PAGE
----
38:12–23 Shua, Judah’s wife, also died and Judah was left childless. After a time of grieving , Judah went to Timnah to visit his friend Hirah who was shearing sheep. Tamar realized that having no child, she had no future. She contrived to win a child from her father-in-law, Judah, playing on his weakness as a lonely widower. She disguised herself as a prostitute, sat by the road and attracted his attention. Her fee would be a goat, but his staff, signet ring and cord (?belt) would be collateral until the goat was delivered. When Judah sent the goat by the hand of Hirah, no prostitute was to be found.
38:24–26 Three months later, Tamar was pregnant and was at once denounced as a harlot. Judah condemned his daughter-in-law to death by fire. (Lev.21:9). When she produced his staff, ring and cord, Judah had to apologize. "She is more righteous than I, since I did not give her to my son Shelah."
38:27–30 Twins were born to Tamar by her father-in-law. The first-born was a breach, Perez, the second Zerah. Actually Zerah was first, presenting a hand, which the midwife marked with a red thread. Perez will be in Judah's line to the Messiah. (Matt.1:3). In the book of Ruth, Judah's alliance with Tamar is spoken with approval:
"And may your house be like the house of Perez, whom Tamar bore to Judah, because of the children that the Lord wild give you by this young woman." (Ruth 4:12).
The custom which Judah pursued and Onan thwarted, was written into the Law years later. It is called levirate marriage (“levir” means husband's brother). The brother of the deceased was expected to marry the widow, to keep the brother's property intact and manage it for the widow. The first-born son would carry the name of the deceased. (Deut.25:5–10; Matt.22:24). The value to the widow was that her social position and property were protected. In cases where levirate marriage was not possible, daughters had the right to inherit their father’s estate. (Num.27:8). Otherwise she would be relegated to minority status in her father's house or put out on the streets.
Why are these stories given to us, and why in this cluster? Why does Judah's folly break into Joseph's story? Jacob's sons have been guilty of multiple crimes: wholesale slaughter (34:25), incest (35:22), murderous jealousy (37:20), kidnapping (37:28), lying (37:32), marriage to a Canaanite (38:2), adultery and prostitution (38:16), and plain bad judgment. (38:24). Together, these gross sins give us a message.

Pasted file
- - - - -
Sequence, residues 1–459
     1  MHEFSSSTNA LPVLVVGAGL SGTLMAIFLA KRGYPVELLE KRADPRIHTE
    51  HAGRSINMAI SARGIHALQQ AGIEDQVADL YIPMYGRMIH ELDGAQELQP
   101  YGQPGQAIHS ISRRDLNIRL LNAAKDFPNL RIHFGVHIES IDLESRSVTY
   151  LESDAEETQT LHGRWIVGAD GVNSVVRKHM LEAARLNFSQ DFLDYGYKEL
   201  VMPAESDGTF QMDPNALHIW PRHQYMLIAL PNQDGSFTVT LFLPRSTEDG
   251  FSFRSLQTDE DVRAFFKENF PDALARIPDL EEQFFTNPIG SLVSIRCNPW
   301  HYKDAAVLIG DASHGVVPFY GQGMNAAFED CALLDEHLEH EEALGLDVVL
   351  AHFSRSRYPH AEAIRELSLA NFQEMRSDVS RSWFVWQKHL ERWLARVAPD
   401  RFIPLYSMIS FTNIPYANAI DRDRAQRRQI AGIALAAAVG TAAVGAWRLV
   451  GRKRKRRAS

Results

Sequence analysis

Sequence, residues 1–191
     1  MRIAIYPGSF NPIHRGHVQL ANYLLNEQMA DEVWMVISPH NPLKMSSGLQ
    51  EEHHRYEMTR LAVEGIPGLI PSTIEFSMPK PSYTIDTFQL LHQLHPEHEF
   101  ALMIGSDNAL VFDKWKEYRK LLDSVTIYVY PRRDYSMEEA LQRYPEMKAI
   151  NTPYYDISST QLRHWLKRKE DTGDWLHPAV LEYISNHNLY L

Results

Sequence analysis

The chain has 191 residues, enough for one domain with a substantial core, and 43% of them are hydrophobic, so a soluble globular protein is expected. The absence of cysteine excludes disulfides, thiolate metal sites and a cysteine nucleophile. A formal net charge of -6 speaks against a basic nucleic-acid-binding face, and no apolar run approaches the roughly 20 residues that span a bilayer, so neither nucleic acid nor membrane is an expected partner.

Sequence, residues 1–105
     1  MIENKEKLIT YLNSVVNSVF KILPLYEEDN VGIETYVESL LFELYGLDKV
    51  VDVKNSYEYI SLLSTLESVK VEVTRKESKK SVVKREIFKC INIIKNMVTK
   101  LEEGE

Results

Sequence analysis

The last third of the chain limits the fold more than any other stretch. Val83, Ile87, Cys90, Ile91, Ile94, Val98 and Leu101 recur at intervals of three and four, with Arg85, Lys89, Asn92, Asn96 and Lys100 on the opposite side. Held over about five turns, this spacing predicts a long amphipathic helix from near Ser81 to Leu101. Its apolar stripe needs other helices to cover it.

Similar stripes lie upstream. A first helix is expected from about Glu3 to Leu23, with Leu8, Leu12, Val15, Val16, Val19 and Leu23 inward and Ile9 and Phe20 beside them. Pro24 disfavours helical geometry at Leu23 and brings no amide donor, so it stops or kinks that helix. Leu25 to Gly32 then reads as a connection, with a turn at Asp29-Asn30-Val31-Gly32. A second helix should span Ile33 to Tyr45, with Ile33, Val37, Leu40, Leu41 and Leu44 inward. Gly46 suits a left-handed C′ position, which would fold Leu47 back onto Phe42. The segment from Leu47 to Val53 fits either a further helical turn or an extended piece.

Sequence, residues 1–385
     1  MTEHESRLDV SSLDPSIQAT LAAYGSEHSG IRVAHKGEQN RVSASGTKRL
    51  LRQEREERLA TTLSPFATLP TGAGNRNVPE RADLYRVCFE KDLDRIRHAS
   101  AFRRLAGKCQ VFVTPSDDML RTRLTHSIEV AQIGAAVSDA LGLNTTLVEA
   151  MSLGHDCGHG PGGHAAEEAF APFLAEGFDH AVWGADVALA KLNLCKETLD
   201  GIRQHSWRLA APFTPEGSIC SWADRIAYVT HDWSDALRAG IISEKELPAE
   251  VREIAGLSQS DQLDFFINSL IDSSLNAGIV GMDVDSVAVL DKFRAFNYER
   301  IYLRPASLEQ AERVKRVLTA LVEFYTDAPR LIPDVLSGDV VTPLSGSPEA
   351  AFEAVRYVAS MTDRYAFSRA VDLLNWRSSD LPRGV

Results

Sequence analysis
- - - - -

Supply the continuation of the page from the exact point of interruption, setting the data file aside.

When we read OT history, we can see two levels. The lower level is the chronicle of events at a natural level with little visible involvement of God's power and communication. The upper level is where God's plan is being executed. The OT history is uniquely valuable because we see people behaving in their usual fashion, but also we can see God's interpretation and exhibit of power, sometimes initiating (as in Exodus) and sometimes using the folly of humans for His purposes. The gross sins of this section lead to surprising outcomes.
*The slaughter of Shechem isolated Israel from the Canaanites, with fear and hate on both sides. Genetic purity became the policy but at the expense of anti-Semitism.
* Because of Simeon and Levi's slaughter of Shechem, Simeon's tribe will be absorbed and Levi will have no land as the priestly clan had the temple worship as their duty. (Gen.49:5–7). Reuben lost his inheritance in Israel by his incest.( Gen.49:3). Thus,the fourth brother, Judah, rises to the top and is given the lion's share of Jacob's blessing. Gen.49:8–12
Judah's fornication caused him considerable embarrassment but his son Perez will go into the line of the Messiah. Perez will be the ninth from David. Ruth 4:18
*The brothers will pay for their mistreatment of Joseph by an agony of remorse. (Gen.43,44). Joseph will suffer slavery for his egotism, but he will save the whole clan from starvation in Egypt. Gen.45:4–9
On summary, in spite of lies, lust, murder and betrayal, God works His will:
Israel is isolated, and eventually compacted in Egypt.
Judah rises to eminence.
The lineage of Messiah emerges.
Joseph will be in a position to save his people.
Surely He makes the wrath of men to praise Him.
Praise His Name!